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Relearning in the Elderly: Age-Related Effects on the Size of Savings


  • We want to thank the four Language Learning anonymous reviewers who evaluated this manuscript for their questions, feedback, and suggestions on previous versions of this work, and our colleague Mik van Es for his invaluable help and support with the statistical analyses.

Nienke van der Hoeven, Department of Applied Linguistics, Faculty of Arts, University of Groningen/Rijksuniversiteit Groningen, P.O. Box 716, 9700AS Groningen, The Netherlands. Internet:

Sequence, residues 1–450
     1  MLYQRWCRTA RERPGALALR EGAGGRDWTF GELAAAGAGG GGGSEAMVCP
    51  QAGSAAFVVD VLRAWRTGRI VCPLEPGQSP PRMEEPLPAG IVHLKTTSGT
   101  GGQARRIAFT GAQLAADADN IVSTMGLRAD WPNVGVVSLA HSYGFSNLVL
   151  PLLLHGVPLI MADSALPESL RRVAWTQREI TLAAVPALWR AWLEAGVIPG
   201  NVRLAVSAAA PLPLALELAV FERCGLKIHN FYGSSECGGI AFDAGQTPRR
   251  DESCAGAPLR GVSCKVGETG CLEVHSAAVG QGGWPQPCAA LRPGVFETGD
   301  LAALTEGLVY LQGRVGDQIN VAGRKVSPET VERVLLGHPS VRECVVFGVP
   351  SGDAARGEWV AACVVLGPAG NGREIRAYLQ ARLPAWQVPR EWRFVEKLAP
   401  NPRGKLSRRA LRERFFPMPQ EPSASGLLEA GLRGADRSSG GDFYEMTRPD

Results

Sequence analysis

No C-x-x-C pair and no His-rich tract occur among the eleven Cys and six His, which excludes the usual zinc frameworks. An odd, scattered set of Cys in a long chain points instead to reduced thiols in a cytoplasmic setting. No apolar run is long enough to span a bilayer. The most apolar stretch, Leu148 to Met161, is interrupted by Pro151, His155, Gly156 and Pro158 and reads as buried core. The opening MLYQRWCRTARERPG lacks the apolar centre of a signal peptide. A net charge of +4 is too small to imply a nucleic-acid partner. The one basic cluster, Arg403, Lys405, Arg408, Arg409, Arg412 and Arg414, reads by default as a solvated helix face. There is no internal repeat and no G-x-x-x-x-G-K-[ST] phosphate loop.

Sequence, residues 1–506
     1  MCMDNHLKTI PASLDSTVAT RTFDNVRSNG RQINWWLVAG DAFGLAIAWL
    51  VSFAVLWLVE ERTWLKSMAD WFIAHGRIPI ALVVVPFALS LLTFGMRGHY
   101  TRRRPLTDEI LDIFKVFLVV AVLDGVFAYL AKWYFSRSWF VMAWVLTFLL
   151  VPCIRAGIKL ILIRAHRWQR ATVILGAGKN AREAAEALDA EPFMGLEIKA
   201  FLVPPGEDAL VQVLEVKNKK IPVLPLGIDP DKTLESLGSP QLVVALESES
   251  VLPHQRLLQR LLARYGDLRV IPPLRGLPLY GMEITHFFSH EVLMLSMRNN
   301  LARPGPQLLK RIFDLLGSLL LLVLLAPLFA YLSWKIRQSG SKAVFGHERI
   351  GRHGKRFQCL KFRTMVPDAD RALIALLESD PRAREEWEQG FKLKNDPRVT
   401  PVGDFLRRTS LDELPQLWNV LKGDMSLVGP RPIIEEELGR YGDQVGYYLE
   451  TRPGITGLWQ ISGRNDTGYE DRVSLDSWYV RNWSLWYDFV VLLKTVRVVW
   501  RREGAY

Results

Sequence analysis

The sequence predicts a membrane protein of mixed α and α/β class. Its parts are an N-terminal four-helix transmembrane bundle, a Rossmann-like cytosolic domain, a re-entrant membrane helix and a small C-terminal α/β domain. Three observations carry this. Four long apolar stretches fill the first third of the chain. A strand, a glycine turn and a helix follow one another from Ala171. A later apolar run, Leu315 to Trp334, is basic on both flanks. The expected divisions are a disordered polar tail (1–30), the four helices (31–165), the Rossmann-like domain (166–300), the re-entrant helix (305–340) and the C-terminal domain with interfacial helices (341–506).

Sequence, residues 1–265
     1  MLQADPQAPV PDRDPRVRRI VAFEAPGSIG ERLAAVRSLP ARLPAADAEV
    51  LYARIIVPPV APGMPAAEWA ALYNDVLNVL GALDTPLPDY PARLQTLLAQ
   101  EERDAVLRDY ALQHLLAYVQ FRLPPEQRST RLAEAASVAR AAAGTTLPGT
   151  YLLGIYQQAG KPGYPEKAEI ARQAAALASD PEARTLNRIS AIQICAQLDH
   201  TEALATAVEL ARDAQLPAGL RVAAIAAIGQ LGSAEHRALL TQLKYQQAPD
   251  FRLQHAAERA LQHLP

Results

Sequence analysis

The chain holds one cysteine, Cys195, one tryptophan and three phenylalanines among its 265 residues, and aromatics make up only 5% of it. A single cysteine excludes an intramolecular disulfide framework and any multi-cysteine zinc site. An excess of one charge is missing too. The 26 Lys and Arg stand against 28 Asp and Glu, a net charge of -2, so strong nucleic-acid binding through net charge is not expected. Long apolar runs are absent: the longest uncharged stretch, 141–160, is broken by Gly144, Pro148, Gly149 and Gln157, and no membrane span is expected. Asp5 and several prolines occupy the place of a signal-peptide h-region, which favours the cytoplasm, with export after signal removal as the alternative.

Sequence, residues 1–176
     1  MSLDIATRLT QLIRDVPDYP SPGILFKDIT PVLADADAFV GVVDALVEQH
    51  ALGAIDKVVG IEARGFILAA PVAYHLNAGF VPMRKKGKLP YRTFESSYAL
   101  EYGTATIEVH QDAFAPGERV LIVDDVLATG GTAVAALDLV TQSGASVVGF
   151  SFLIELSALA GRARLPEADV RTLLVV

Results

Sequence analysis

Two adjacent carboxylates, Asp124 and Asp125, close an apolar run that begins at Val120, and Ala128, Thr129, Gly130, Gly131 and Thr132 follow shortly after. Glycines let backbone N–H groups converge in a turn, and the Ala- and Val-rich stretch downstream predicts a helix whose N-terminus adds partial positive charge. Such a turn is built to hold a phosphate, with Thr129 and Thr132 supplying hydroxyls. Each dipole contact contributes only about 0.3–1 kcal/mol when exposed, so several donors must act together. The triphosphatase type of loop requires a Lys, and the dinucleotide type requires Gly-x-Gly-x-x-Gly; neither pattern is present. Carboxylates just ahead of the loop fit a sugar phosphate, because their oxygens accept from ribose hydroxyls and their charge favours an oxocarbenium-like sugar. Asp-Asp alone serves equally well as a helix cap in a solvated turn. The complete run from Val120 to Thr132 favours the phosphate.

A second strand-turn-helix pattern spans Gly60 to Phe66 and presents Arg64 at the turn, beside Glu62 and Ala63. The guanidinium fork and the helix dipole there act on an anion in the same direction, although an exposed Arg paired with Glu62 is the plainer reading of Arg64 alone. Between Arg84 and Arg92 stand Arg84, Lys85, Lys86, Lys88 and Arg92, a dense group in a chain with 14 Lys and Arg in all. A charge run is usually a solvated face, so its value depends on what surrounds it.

This article reports on a study on learning new and relearning forgotten words of French as a foreign language in young (mean age 22.4), middle-aged (mean age 50.3), and elderly speakers (mean age 76.0). The three age groups performed similarly on relearning old words, but the younger learners were significantly better at learning new words. Data from a questionnaire on contact with French and a working-memory test showed that neither diminished language contact nor age-related decline in working memory can be seen as single factors explaining differences between learning and relearning. The decline in older adults’ ability to learn new lexical information is discussed in terms of theories explaining age-related memory deficits and conceived of as an age-related deficiency to form associations between unrelated concepts.

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